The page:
Finance Minister Jim Flaherty continues to be a champion for people with disabilities and their families. He intends to correct a procedural barrier to eligibility for the Disability Tax Credit (DTC). Eligibility for the Disability Tax Credit is the only way to become eligible to establish a Registered Disability Savings Plan (RDSP). The current problem is that you can't appeal to the Tax Court of Canada should the Canada Revenue Agency turns down your original application for the DTC if you have no taxable income. You can only appeal if you have taxable income.
Since the purpose of the RDSP is to get money directly into the bank accounts of people with disabilities, Minister Flaherty will introduce legislative amendments to allow people with disabilities to appeal even if they do not have taxable income. Here is a quote from his press release: “Procedural issues of this nature should not be an impediment for individuals who wish to establish their right to the Disability Tax Credit and, as a result, also their right to open an RDSP."
This is an important issue for a number of reasons.
- prior to the RDSP many individuals with disabilities never applied for the DTC because they didn't have enough taxable income to need the tax credits. With Disability Tax Credit eligibility you become eligible for the RDSP. This entitles you to receive matching grants ranging from three to one to one to one and a $1000 annual Disability Savings Bond, depending on your circumstances and the amount you contribute.
- there are a number of people whose disability is in the 'grey zone' or hard to classify. These include people with brain injuries, people with mental illness, people whose developmental disability or autism isn't easily categorized or people who have a condition that will eventually lead to a disability. They may not know how to present their case to the tax department. Or the tax department may not know enough about the complexities of some disabling conditions.
Now they can appeal the decision And there are resources like the new RDSP Resource Centre that will help you apply for the DTC or appeal if necessary. If you know of anyone who wonders about their eligibility or has already been turned down contact PLAN directly (604-439-9466; email@example.com) or have a look at PLAN's companion rdsp.com website.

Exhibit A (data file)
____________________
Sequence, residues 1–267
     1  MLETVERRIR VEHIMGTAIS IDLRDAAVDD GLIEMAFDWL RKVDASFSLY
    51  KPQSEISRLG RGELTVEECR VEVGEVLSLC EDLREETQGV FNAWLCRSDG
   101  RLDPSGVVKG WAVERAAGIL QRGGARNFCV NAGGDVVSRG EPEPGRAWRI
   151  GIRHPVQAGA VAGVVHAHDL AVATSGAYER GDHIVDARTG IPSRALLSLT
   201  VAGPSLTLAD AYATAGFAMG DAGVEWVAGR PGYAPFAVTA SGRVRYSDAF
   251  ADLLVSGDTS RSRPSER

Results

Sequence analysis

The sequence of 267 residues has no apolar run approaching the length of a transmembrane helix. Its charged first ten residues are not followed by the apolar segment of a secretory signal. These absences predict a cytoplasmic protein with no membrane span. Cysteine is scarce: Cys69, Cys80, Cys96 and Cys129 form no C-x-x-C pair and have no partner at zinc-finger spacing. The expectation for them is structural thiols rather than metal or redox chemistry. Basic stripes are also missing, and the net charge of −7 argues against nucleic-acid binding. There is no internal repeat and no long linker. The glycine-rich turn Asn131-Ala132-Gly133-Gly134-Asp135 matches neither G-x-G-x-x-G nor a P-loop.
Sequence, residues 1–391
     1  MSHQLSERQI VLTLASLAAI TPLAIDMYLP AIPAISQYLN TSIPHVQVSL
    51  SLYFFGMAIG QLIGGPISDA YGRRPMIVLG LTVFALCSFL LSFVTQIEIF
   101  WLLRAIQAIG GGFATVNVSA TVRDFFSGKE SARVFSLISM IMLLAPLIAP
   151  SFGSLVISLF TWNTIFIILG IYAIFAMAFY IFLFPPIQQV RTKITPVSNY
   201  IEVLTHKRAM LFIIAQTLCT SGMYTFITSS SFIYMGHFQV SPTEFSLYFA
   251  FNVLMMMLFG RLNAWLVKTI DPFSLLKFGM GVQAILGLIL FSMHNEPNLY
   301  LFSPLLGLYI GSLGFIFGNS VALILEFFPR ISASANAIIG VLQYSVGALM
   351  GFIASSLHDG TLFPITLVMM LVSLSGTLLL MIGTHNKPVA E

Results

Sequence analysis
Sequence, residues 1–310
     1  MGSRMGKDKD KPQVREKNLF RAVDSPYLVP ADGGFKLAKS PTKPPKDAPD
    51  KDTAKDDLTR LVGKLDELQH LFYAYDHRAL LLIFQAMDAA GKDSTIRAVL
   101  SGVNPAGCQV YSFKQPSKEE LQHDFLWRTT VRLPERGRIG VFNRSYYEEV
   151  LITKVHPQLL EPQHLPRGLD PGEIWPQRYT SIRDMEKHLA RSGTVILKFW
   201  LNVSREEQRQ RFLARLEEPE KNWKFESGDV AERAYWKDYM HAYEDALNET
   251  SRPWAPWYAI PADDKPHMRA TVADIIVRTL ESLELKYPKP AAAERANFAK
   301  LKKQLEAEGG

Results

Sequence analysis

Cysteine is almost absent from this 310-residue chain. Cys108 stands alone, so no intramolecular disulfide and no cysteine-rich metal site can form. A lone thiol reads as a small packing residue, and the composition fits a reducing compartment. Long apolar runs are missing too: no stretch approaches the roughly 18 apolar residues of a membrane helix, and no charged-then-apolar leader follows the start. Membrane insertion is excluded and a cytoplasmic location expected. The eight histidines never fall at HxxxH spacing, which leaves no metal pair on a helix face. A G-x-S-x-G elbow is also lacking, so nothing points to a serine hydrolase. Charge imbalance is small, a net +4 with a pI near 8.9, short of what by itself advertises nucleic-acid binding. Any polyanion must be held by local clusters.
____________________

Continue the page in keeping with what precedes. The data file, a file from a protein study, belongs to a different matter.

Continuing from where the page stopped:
If you know of an individual or a family who has a child with a disability ask them whether they have heard of the RDSP or whether they have applied for the Disability Tax Credit. There are a surprising number of people who don't know about either the Disability Tax Credit or the RDSP. And here's the kicker – you can claim the DTC going back 10 years once you prove your eligibility. That can amount to a sizable back tax refund.
As of July 2010, 41,000 RDSP's amounting to one quarter billion dollars are in the bank accounts of individuals with disabilities. Not a bad start for the world's first savings plan for people with disabilities.
Minister Flaherty deserves our thanks for proposing this much needed amendment. Take a moment and send him a note or e-mail of thanks. We tend to do it when we have something to complain about but not when we are satisfied.
- Here is a link to Minister Flaherty's Press Release:
- Check out PLAN's RDSP blog for regular updates. You can use the RDSP calculator to determine the best way to maximize the grants and bond that accompany the RDSP.
- Check out the new RDSP Resource Centre headed up by former PLAN Executive Director, Jack Styan. This new resource will assess your eligibility and assist you apply for the Disability Tax Credit. This is often accompanied by a tax refund you can turn around and invest in an RDSP!
- Go to any London Drugs store in British Columbia and ask for your free copy of my RDSP edition of Safe and Secure.